Iraq's parliament has ruled that three mobile operators must pay $2.85 billion in license fees and fines within a month, overturning a deal allowing them to pay over five years, lawmakers and officials said on Thursday.
The ruling could reinforce investor worries about unclear regulations over who controls the telecommunications sector, one of the fastest growing industries in a country pulling back from years of war.
Iraq's Ministry of Communications and the Communications and Media Commission (CMC), an independent body linked to parliament, both oversee the telecoms sector, but they are usually at odds over who has the final word on regulation.
Iraq's parliament voted late on Wednesday to recommend Kuwait operator Zain, Asiacell, an affiliate of Qatar Telecom, and Korek, part-owned by France Telecom SA, pay all the $2.85 billion within a month.
But in a reflection of the murkiness of regulations, officials and lawmakers gave conflicting interpretations on whether the vote was binding because the companies had struck a deal with the previous government to pay that amount over five years.
The payment covers the cost of their operating licenses in Iraq, interest for delayed payments and fines.
"The parliament voted ... that the companies should pay their financial requirements valued at $2.85 billion to the federal budget within 30 days from the date of the vote," the parliament said in a statement.
Ahmed al-Jubouri, a lawmaker, said the previous deal violated the contracts with companies. He said AsiaCell should pay $625 million, Zain $803 million and Korek $768 million, and other fines were pending.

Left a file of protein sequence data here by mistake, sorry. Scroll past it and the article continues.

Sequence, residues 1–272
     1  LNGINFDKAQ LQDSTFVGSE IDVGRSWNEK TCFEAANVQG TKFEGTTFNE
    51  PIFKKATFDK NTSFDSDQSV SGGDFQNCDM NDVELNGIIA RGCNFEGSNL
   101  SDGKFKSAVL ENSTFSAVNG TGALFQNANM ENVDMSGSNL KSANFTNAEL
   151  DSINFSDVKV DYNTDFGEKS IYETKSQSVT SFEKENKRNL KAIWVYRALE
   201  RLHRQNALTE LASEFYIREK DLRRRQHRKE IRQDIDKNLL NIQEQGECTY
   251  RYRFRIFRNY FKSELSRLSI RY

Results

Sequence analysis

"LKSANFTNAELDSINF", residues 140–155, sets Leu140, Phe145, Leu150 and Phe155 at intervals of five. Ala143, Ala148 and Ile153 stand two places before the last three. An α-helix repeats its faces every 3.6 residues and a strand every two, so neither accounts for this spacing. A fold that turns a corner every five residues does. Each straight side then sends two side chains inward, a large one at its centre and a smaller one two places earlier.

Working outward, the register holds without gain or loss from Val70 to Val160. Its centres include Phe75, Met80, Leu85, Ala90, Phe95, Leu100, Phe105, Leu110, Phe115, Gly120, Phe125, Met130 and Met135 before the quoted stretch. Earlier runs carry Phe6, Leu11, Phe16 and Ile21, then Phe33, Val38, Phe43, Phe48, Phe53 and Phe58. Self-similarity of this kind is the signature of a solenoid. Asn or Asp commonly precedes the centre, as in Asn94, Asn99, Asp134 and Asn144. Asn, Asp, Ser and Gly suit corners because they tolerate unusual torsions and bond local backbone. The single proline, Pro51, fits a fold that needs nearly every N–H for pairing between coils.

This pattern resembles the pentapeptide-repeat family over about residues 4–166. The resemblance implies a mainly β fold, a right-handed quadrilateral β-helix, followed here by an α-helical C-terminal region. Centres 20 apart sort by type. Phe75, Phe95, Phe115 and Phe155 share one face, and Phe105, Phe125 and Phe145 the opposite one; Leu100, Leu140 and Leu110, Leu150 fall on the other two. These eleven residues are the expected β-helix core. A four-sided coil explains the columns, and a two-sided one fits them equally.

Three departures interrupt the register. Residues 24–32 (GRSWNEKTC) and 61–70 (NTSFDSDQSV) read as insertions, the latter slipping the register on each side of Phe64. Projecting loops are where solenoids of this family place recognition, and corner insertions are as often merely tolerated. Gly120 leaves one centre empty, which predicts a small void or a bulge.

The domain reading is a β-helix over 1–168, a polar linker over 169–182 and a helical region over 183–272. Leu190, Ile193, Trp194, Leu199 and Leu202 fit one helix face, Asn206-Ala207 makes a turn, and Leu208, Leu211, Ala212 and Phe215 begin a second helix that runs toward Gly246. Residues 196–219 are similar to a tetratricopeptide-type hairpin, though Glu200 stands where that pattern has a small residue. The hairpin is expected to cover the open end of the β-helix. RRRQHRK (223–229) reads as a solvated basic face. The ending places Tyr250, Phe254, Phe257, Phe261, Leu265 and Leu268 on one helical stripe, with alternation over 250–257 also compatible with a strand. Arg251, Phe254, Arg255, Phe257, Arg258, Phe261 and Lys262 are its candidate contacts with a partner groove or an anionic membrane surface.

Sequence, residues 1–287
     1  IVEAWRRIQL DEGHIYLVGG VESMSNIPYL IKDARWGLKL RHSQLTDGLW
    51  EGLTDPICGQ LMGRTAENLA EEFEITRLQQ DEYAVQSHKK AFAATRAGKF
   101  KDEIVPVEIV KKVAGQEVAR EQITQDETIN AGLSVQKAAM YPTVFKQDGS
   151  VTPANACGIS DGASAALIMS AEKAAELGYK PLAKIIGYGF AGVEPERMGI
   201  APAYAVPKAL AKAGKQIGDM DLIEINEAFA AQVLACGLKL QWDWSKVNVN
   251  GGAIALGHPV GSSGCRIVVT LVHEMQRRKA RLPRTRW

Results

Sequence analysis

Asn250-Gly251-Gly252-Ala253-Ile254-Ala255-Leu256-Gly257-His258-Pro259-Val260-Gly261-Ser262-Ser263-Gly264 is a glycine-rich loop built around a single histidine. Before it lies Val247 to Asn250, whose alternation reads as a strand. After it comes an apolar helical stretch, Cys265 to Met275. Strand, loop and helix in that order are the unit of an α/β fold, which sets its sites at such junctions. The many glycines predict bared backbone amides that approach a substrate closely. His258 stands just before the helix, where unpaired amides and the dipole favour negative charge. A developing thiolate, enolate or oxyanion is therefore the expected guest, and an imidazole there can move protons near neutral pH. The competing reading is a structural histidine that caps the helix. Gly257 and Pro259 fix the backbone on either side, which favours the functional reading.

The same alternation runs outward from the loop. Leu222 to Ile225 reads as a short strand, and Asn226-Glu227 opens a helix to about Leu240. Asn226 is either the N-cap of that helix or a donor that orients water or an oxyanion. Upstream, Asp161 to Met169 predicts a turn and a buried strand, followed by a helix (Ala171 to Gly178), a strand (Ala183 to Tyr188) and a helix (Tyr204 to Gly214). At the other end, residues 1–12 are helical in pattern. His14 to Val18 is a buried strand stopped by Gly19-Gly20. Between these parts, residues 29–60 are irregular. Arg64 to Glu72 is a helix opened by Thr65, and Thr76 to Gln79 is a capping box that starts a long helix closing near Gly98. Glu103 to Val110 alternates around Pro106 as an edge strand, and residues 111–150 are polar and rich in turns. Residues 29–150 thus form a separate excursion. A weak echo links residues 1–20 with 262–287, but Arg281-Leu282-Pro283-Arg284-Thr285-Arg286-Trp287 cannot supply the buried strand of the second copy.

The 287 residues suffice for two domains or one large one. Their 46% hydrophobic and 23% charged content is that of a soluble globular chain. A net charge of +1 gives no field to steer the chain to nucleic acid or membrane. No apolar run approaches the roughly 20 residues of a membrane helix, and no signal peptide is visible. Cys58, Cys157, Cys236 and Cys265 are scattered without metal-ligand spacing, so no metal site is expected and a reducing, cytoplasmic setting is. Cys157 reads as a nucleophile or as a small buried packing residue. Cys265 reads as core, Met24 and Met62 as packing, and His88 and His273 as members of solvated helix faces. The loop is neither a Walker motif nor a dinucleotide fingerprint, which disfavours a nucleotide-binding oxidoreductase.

But officials from the ministry and the CMC gave conflicting accounts of the parliamentary vote.
Salim Meshkur, a CMC member, said the parliament's vote was not binding, but just a recommendation to the new cabinet.
"The money is being collected with interest, according to the installment plan," he said, referring to the five-year payment agreement.
But Kassim al-Hassani, director general of the Iraqi Telecommunications and Posts Co (ITPC), an affiliate of the Ministry of Communications, said the parliament's decision was binding and the three mobile operators must pay this year.
Political infighting may also have played a part. Iraq's fragile power-sharing government among Sunni, Shi'ite and Kurd parties is often hampered by sectarian squabbling as one bloc accuses the other of misusing the government posts they control.
Iraq's three mobile phone operators, Zain, AsiaCell and Korek, which in 2007 each secured $1.25 billion licenses to operate in the country, use microwave links instead of fiber and have been criticized for their patchy coverage.
Mobile companies say military jamming to stop insurgents from detonating bombs by using cell phones, costs them millions of dollars in maintenance and upgrades to services in a country still fighting insurgents and militia groups.
Iraq did not have a mobile phone market under Saddam Hussein, who was ousted by the 2003 U.S.-led invasion, but the industry has exploded in the past eight years. There are now about 23 million mobile phone subscribers, the CMC says.
But some officials and executives said they fear confusion created by the parliament's decision could further deter investors who shy away from Iraq because of shaky security and lack of clear commercial and legal regulations.
"The CMC fears this decision could ... threaten the investment climate in Iraq and trouble investors who want to come and work here," said Ali al-Awsi, a CMC board member.
(Additional reporting by Khalid al-Ansary; writing by Rania El Gamal; editing by Patrick Markey and Andre Grenon)